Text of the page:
Congratulations, Disney. You’ve moved from static, stereotypical characters who get everything they ever wanted for pretty much no real reason at all to stereotypical characters with stereotypical issues who stereotypically realize that all they need is love. Yeah, you actually played that card. (I’d be more annoyed by that if it hadn’t freaking worked. Damn it, Disney.)

See, I wouldn’t mind this so much if it weren’t aimed at impressionable children. I really don’t want my children to grow up thinking that anyone, be it cartoon birds or genies in lamps, is going to fix the mess they’re in. Even if it’s not a mess they created, even if they really are the victims, I still want them to grow into the kind of people who say, “Whoa, this is a disaster and it needs to be handled. Better pitch in and help.” But especially for those times when they’re up to their necks in the creek they willingly jumped into, I want them to be the kind of people who tread water until they can swim out.

Damsels in distress are only attractive when there’s a dragon to slay. After the kiss and the credits, though, there’s gonna be dinners to make, dishes to wash, and diapers to change. If the damsel keeps expecting her distress to bring someone running to do it for her, she’s gonna make everyone miserable real quick, and no one more than herself.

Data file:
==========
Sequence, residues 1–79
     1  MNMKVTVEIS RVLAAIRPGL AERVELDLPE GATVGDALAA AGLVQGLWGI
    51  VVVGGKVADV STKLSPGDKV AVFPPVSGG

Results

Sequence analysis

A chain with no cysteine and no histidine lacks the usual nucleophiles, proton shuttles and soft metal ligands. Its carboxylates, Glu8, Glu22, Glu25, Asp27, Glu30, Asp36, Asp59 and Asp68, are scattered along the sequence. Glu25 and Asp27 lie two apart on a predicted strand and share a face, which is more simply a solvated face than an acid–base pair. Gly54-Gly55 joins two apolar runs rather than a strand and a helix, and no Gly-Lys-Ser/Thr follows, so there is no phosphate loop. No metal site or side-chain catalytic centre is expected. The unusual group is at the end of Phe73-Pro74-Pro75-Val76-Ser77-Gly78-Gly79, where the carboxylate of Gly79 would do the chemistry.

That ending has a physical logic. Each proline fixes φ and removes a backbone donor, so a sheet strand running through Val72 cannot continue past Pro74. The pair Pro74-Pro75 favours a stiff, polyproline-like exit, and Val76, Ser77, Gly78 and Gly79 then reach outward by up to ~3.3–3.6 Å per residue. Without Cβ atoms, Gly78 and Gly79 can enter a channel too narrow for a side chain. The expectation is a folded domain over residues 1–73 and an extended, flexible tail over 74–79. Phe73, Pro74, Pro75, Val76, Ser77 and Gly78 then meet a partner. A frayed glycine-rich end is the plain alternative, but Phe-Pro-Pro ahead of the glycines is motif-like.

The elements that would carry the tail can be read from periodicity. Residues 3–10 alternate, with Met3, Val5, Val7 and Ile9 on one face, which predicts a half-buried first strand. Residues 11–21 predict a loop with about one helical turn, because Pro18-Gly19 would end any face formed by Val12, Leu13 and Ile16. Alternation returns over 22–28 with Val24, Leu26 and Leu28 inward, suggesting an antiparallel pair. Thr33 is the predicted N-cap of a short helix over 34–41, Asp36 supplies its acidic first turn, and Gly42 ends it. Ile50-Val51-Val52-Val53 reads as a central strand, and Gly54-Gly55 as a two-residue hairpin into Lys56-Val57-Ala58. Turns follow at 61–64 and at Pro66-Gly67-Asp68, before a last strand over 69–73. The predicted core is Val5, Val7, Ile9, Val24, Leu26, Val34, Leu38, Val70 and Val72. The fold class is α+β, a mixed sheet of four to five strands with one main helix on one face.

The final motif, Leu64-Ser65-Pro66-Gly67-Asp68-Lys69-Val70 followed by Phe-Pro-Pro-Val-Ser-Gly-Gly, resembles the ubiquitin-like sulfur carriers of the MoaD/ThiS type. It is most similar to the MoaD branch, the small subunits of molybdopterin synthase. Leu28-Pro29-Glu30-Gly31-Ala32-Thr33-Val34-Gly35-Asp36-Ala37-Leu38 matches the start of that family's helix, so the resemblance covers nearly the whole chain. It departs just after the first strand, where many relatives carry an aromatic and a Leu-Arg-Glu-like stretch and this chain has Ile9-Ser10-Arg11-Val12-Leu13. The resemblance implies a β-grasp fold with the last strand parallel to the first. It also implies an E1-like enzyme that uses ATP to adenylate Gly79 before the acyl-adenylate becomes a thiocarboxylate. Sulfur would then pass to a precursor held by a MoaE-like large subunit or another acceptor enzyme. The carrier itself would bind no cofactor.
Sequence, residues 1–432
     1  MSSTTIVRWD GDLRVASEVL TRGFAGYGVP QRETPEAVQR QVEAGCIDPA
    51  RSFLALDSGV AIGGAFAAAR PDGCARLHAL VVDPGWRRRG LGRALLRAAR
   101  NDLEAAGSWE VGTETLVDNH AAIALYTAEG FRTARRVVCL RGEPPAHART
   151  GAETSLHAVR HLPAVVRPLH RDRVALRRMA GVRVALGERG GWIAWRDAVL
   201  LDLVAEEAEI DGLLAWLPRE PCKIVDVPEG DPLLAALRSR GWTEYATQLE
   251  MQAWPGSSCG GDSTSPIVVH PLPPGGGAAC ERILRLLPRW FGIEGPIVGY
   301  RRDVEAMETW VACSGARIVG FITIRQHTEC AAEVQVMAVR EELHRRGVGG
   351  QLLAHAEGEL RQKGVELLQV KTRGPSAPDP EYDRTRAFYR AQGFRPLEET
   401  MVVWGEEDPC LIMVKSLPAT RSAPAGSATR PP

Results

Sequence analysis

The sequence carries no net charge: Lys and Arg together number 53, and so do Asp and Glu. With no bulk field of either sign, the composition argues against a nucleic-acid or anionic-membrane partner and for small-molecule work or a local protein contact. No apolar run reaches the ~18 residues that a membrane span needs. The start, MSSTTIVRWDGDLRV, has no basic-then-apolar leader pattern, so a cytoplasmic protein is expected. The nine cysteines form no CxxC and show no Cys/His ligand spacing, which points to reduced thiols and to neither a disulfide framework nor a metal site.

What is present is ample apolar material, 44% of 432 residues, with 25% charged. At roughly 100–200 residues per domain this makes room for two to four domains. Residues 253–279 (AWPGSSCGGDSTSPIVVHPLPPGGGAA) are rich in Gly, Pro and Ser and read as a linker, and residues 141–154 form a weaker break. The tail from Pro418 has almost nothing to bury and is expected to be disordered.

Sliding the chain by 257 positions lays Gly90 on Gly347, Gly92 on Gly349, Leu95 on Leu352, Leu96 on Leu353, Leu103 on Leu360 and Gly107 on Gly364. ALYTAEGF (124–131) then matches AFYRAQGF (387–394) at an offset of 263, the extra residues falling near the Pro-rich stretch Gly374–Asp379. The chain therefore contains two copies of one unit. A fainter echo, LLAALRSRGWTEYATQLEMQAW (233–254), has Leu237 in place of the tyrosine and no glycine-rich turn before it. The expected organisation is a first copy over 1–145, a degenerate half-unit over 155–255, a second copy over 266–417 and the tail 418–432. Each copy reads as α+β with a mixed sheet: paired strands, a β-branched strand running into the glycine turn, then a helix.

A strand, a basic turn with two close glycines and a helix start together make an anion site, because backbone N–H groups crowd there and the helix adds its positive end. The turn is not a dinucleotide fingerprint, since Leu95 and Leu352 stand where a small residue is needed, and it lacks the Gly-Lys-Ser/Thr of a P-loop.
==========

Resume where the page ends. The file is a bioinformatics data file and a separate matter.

Street rats with hearts of gold are all well and good, until they start believing that their good intentions make them good enough to rule kingdoms. Aladdin was a great guy and all, but I can’t help but wince when I imagine the fallout from the new laws he decides to pass when the old Sultan kicks the bucket. Laws to make bread “Free for Everyone!” Being a swell guy doesn’t make up for a total lack of education and blissful ignorance of basic economics. As mean as the old Sultan was for insisting that Jasmine stick to the law and marry a prince, there’s a reason that law was written…because princes have been trained from childhood to rule countries. I’m not convinced that Aladdin could pick up the requisite knowledge from Agraba’s version of Khan Academy. Sometimes people aren’t just being big meanies when they say, “sorry, but you don’t have the skills required to fill this position.” Sometimes, you just don’t have the skills required to fill the position.

I wish Disney would make a movie about a character who has some serious flaws in their character, or huge, devastating gaps in their education, and has to work slowly and humiliatingly, day by day, to overcome those things. No great flashes of insight, no moments of clarity, just a humble drudge, humbly trying to become slightly more than a drudge. I wish Disney would make a movie about how this character never realizes their spectacular dreams, but learns to be satisfied with their tangible achievements. I wish Disney would make this movie so the kids of today don’t grow up like I did, with impossible expectations of life and other people and an entitlement complex whose sheer girth swallows up their work ethic. I wish they would make it so the kids of today know that it’s okay, when you’re a year shy of thirty and life looks nothing like your dreams, to realize that your life as it is is better than getting all your wishes granted by a fairy godmother.

But I know what they would say, the Disney execs, if I asked them for that movie.

“Have you heard of Pixar?”

  • Michelle Marvian

    I love the Cinderella story. What I take away is that she is meek, humble and obedient and that it pays off in the end.